Author: David G. Schwartz
Publisher: Springer Science & Business Media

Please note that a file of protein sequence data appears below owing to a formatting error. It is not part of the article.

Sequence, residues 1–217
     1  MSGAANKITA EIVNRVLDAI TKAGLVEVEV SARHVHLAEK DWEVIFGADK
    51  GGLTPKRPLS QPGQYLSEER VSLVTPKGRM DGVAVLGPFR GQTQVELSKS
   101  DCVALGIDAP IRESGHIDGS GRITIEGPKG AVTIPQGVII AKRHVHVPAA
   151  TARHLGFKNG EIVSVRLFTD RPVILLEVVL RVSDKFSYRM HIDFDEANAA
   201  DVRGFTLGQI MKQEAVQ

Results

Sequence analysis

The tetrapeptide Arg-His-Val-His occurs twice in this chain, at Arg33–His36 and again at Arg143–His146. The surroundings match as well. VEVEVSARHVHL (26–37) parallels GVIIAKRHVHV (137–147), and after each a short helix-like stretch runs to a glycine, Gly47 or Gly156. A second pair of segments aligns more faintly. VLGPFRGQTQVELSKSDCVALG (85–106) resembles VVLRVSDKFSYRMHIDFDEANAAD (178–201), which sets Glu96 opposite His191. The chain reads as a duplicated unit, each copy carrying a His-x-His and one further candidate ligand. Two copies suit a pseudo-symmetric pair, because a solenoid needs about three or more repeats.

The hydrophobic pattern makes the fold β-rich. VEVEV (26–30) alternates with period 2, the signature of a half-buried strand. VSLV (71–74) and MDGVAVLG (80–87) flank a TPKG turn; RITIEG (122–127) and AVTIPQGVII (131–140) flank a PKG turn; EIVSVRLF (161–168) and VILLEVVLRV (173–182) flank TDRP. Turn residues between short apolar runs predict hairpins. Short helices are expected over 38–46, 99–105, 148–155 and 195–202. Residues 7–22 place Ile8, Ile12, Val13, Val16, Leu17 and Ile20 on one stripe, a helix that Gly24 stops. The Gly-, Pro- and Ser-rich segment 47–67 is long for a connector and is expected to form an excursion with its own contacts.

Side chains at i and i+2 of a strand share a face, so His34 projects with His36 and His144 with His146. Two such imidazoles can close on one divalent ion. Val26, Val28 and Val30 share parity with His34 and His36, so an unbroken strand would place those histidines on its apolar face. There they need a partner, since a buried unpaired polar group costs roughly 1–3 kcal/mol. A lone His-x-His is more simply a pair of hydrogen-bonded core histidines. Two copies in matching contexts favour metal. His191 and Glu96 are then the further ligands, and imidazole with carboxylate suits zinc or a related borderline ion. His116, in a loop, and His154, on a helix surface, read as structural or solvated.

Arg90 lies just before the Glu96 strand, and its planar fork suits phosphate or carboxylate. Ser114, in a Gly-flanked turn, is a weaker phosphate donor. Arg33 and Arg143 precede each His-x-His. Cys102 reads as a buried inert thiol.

Cooperating Heterogeneous Systems provides an in-depth introduction to the issues and techniques surrounding the integration and control of diverse and independent software components. Organizations increasingly rely upon diverse computer systems to perform a variety of knowledge-based tasks. This presents technical issues of interoperability and integration, as well as philosophical issues of how cooperation and interaction between computational entities is to be realized. Cooperating systems are systems that work together towards a common end. The concepts of cooperation must be realized in technically sound system architectures, having a uniform meta-layer between knowledge sources and the rest of the system. The layer consists of a family of interpreters, one for each knowledge source, and meta-knowledge. A system architecture to integrate and control diverse knowledge sources is presented. The architecture is based on the meta-level properties of the logic programming language Prolog. An implementation of the architecture is described, a Framework for Logic Programming Systems with Distributed Execution (FLiPSiDE). Knowledge-based systems play an important role in any up-to-date arsenal of decision support tools. The tremendous growth of computer communications infrastructure has made distributed computing a viable option, and often a necessity in geographically distributed organizations. It has become clear that to take knowledge-based systems to their next useful level, it is necessary to get independent knowledge-based systems to work together, much as we put together ad hoc work groups in our organizations to tackle complex problems. The book is for scientists and software engineers who have experience in knowledge-based systems and/or logic programming and seek a hands-on introduction to cooperating systems. Researchers investigating autonomous agents, distributed computation, and cooperating systems will find fresh ideas and new perspectives on well-established approaches to control, organization, and cooperation.